Hello again,

I just checked to be sure and yes the following formula is the force on a (straight not curved) current carrying wire within a magnetic field , B.

where I is the current flowing through the wire.

B is the magnetic field the wire is within.

L is a vector, whose magnitude is the length of wire (measured in meters), and whose direction is along the wire, aligned with the direction of

conventional current flow.

Although an alternative formula is equivalent, and that is:

Where the vector direction is now associated with the current variable, instead of the length variable. The two forms are equivalent.

If a curved wire is immersed in a B field, the force acting upon it can be found by integrating each

infinitesimal segment of wire

*d***ℓ**, then adding up all these forces through integration, which yields:

This is for a curved wire in a B field. If the wire is straight then the integral just comes out to be I times the total length, L crossed with the B field.

So this is the formula I believe you were referring to, except that you were summing the B field with the product of the current and the length and not crossing that product with the B field.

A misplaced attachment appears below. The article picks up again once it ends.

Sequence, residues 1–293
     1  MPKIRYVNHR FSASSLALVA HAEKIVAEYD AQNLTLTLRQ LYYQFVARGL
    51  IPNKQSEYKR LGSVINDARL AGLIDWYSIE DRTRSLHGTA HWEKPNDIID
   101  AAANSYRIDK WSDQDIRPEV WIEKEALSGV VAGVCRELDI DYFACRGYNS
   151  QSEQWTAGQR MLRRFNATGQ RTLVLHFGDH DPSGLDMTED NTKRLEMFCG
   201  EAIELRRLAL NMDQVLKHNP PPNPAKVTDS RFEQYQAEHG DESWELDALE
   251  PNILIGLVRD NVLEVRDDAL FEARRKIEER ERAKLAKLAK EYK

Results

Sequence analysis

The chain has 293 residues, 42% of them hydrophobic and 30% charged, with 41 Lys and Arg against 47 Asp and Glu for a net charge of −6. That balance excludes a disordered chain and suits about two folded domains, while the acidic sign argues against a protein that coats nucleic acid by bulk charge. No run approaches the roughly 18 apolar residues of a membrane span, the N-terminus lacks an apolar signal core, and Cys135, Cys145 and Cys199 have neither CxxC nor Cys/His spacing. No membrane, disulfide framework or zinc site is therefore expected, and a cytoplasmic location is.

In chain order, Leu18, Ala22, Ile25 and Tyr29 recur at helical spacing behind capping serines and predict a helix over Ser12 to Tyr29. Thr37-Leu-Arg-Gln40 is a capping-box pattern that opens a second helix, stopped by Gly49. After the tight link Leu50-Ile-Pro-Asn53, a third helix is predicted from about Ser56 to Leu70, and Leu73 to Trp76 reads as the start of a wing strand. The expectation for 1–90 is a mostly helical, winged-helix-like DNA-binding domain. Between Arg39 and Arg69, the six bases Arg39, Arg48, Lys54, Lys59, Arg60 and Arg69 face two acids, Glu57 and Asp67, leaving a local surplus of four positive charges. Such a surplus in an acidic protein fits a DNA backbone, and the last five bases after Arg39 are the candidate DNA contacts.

These equations are known as the Lorentz force and they yield the force on a wire itself due to the charges flowing in the wire being displaced by the B field which acts to push them to one surface of the wire which creates a real force on the wire trying to push it out in the direction the charges are pushing against the surface of the wire they are traveling through.

It can be derived from the Lorentz force law and the definition of electrical current. So you do not want to use this function as you want to know the displacement force due to both an E field and a B field that charges are passing through with some velocity, v. So you want to use:

where q is the charge, both in value and in sign, of the ions or electrons that are passing through these fields.

E is the electric field in volts per meter

v is the velocity vector of the charge that is moving through these fields in meters per second.

B is the magnetic field in Tesla's or Webber's per squared meter.

I believe this is all you need to answer your own question now.

Many smiles,

Craig